No, it’s not a bug on my website. This week’s featured painting is indeed a black square.
This is one of Ad Reinhardt’s abstract paintings. I used to look at artwork like this and come no further than “Huh… it’s a black square. So what?”. I would even be a bit irritated at artists that proclaim a black square art and sell it for a lot of money. Surely everyone can paint a canvas black?
That was until I learned more about Ad Reinhardt’s approach as part of a MOOC about abstract expressionism and found out that, in fact, Ad Reinhardt did not just quickly smear some black paint on a square canvas. He very elaborately filtered his oil paint to remove the oil, in order to create a deep, matted paint. The oil would have created a shiny surface, reflecting the light. The filtered, concentrated black, however, swallows the light. This he applies with very even and practised brush strokes, leaving scarcely a trace of the brush on the smooth, dark surface.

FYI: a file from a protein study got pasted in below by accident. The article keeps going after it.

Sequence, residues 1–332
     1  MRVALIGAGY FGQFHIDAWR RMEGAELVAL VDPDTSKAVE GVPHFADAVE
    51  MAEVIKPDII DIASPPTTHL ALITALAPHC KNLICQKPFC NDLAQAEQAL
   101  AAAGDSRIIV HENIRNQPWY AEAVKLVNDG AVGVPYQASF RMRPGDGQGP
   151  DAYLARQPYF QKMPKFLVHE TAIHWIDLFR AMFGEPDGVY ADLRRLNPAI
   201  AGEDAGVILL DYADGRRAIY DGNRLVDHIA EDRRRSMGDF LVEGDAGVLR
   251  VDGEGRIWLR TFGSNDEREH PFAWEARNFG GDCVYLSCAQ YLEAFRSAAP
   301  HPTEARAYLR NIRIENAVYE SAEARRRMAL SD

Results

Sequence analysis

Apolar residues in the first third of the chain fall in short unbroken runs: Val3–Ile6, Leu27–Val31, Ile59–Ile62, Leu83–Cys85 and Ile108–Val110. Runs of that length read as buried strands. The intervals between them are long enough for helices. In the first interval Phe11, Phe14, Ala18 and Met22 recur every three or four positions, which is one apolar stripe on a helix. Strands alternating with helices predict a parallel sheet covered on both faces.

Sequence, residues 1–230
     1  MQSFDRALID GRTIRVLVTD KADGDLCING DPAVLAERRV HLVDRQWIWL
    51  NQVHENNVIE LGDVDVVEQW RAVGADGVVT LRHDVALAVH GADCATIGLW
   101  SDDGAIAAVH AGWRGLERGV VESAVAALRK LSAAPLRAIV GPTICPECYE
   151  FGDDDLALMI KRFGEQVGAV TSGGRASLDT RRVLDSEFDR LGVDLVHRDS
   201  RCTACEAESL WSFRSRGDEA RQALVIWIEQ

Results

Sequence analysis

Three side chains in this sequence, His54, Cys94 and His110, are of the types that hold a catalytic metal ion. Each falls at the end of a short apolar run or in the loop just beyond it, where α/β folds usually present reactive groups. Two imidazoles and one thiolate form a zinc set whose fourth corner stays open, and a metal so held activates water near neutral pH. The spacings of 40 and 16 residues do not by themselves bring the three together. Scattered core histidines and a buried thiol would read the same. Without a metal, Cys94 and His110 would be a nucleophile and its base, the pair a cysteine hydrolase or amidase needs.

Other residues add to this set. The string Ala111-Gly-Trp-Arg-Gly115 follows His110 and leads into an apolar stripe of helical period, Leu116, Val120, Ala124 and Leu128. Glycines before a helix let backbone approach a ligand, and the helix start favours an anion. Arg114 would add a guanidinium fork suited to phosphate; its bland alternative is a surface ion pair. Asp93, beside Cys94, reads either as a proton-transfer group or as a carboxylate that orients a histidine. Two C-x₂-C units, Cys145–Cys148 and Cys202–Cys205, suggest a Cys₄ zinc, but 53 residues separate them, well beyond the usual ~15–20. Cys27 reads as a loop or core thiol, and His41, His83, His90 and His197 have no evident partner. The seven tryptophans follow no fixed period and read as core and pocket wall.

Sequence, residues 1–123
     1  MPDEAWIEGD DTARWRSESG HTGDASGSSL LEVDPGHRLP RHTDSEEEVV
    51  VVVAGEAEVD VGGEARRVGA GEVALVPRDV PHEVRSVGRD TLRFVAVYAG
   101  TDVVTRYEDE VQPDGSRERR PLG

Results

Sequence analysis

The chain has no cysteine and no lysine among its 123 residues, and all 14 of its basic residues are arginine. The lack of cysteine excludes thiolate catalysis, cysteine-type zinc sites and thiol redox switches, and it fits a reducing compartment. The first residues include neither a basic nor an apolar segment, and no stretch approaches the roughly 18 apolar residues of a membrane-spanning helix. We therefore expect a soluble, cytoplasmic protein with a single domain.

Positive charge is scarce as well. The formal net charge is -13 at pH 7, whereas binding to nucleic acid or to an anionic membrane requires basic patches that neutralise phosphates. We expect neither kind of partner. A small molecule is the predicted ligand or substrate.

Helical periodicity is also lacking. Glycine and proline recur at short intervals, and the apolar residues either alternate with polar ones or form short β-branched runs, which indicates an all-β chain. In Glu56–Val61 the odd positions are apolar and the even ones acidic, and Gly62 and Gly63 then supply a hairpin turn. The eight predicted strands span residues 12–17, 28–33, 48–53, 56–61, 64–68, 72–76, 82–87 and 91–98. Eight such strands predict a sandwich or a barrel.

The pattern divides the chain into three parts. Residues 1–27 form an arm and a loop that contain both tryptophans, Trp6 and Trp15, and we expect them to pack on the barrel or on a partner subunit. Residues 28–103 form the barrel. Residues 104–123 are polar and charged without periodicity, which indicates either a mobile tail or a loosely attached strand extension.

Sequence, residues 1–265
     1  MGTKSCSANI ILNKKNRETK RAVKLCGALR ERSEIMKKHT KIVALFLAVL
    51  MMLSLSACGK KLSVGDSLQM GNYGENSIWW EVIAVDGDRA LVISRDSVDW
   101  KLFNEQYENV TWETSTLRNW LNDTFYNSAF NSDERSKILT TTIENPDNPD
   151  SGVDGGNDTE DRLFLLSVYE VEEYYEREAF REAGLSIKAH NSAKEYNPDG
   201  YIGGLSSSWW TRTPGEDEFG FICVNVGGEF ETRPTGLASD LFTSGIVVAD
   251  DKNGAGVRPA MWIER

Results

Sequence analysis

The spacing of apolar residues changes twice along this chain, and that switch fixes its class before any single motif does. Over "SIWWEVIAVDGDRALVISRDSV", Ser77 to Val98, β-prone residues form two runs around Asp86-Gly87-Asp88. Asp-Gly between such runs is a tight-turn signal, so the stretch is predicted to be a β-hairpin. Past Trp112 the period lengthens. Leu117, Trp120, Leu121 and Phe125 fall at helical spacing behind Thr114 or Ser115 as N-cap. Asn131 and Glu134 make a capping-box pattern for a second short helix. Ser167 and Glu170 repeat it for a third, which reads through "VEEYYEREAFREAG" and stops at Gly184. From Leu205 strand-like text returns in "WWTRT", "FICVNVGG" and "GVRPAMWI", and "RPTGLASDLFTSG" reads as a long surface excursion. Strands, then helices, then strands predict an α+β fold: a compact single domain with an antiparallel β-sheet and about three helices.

He did not just cover the canvas in this colour, either. Instead, the canvas is split into nine square fields. You do not see these fields immediately. If you walk past the painting quickly, only giving it a glance, you will not experience its effect. You are meant to linger in front of the painting and look at it for a longer time, allowing the rods in your eyes to adjust to the darkness of the paint. After a little while, you become more sensitive to shades of black, and you begin to realise that there is not just black, but that you are looking at squares of intensely deep shades of red, green or blue
This was my point of connection between the seemingly alien abstract work and my own interests. I am very curious about colours and our human perception of colours, so when I figured out the idea behind these “black” paintings, I was immediately intrigued! In fact, I find it so interesting and exciting that I would very much like to see one of Ad Reinhardt’s paintings in a museum, because the effect just does not come across properly on a computer screen.
From my initial ignorance and irritated dismissal, I have grown. I have moved on to appreciate Ad Reinhardt’s very specific mindset and to be excited by this complex piece of art and the amazing capacities of our eyes.
Have a look at this video to better understand the effect of this black painting.
What are your experiences with abstract paintings?